Blog Posts by Chris Cillizza

  • Donald Trump may no longer be a 2012 GOP presidential contender, but he'll have a lasting impact on the race and the remaining candidates.

    Donald Trump isn't running for president in 2012. But, he may wind up having a real impact on the race anyway.

    That impact? Confrontation works.

    From the moment he emerged as a potential candidate Trump took the fight to President Obama. While most Republicans agreed that Trump's focus on Obama's citizenship was a misfire, GOP voters seemed to embrace the Donald's feistiness if not the substance of his attack.

    Put simply: Trump's willingness to fight mattered more than the substance of what triggered the fight.

    Polling bears that sentiment out. In a May CNN poll 67 percent of respondents said Trump was "not a typical politician" and 57 percent said he was "tough enough to handle a crisis.

    No one in the current 2012 field will openly embrace Trump who is politically toxic to vast swaths of the American electorate.

    But, the tone that Trump struck --

    Read More »from The Fast Fix: Donald Trump’s lasting impact on the GOP presidential race
  • The Fast Fix: With Mike Huckabee out for 2012, who benefits?

    Mitt Romney? Sarah Palin? Tim Pawlenty? Or Michele Bachmann? Which of the potential 2012 GOP presidential contenders will benefit from Mike Huckabee's decision not to join the race?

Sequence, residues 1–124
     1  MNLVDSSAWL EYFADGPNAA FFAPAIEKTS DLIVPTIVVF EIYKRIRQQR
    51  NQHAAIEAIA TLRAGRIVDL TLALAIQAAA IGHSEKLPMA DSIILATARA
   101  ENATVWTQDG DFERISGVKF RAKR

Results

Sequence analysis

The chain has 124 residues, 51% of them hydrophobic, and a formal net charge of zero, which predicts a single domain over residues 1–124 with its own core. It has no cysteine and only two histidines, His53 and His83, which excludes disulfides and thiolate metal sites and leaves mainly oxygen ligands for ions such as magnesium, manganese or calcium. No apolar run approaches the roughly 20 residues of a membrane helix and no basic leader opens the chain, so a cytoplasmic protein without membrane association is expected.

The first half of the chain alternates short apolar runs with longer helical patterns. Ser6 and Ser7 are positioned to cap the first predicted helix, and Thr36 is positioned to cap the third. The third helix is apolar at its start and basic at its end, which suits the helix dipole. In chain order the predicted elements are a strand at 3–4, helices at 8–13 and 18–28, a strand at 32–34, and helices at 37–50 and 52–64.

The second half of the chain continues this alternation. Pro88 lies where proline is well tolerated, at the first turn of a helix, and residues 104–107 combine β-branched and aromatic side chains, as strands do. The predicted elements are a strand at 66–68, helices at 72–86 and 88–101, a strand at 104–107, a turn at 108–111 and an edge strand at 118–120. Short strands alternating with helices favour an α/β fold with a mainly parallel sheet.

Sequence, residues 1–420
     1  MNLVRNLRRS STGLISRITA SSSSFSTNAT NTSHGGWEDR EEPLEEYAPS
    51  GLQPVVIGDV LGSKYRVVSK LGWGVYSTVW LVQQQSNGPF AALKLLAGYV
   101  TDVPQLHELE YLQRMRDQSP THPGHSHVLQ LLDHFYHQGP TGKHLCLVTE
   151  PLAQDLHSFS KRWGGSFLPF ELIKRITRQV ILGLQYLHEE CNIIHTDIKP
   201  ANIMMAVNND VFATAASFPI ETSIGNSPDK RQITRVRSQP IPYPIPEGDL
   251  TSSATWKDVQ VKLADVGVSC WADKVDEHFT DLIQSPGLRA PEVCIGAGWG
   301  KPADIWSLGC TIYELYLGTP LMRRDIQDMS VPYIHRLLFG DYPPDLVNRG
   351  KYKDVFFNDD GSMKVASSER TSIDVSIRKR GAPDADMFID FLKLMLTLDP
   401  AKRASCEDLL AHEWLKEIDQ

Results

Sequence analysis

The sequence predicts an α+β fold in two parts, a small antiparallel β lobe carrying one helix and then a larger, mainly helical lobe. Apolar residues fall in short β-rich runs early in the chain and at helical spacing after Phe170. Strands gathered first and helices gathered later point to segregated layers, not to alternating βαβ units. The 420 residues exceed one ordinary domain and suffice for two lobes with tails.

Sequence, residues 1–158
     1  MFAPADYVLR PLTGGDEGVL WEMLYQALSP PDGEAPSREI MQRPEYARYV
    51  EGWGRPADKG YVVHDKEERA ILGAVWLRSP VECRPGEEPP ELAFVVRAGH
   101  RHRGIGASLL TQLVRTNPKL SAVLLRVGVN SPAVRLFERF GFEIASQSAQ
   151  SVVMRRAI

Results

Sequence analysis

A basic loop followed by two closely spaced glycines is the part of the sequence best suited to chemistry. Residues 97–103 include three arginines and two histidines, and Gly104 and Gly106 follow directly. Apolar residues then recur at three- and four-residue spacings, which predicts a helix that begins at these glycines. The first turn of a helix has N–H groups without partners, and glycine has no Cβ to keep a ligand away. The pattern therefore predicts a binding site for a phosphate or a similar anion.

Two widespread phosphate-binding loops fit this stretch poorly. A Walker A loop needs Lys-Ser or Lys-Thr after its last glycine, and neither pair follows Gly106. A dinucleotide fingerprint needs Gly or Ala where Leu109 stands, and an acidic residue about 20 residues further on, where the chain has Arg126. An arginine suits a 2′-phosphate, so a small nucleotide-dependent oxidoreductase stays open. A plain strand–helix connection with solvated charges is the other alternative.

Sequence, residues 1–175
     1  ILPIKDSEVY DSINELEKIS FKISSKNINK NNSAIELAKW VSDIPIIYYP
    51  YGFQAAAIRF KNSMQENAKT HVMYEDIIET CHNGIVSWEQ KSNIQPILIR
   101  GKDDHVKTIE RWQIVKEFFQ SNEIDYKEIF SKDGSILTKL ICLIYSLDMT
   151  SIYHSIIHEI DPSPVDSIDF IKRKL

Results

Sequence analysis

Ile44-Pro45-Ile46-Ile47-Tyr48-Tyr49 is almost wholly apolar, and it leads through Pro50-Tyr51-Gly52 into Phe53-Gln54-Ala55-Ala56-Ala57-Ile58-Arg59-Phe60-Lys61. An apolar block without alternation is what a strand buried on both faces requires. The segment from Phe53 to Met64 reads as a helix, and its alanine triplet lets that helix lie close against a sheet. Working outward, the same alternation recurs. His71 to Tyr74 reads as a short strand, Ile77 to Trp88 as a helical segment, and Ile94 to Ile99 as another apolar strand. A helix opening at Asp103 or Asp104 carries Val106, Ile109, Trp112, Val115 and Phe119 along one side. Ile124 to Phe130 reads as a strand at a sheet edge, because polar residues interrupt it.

Mike Huckabee made it official over the weekend- he won't be running for president in 2012.

    Huckabee's decision not to run isn't all that surprising, but it does have a major effect on the race since he was well known and well liked by the Republican electorate.

    There are two major ways that a Huckabee-less field impacts the 2012 race.

    First, Iowa now matters. Huckabee's win in the 2008 Iowa caucuses meant that if he had run again in 2012 he would have been a heavy favorite. With Huckabee out of the race, Iowa is now up for grabs, which creates opportunity for the likes of Minnesota Congresswoman Michele Bachmann and former Minnesota governor Tim Pawlenty.

    Second, a chunk of social conservatives are political free agents now. Much of Huckabee's strength in 2008 was due to his strong roots among

    Read More »from The Fast Fix: With Mike Huckabee out for 2012, who benefits?
  • The Fast Fix: The Mormon primary

    Mitt Romney and Jon Huntsman are both eying a 2012 presidential bid, and both are Mormons. Is America ready for a Mormon presidential candidate?

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    Read More »from The Fast Fix: The Mormon primary
  • The Fast Fix: Can Newt Gingrich win in 2012?

    Newt Gingrich is officially in the presidential race for 2012, but does he stand a chance of winning?

    Newt Gingrich is running for president.

    The former Speaker of the House has been eying the race for months and has removed any doubt about his plans with an announcement via YouTube and Twitter.

    But is Gingrich a serious candidate for the nomination?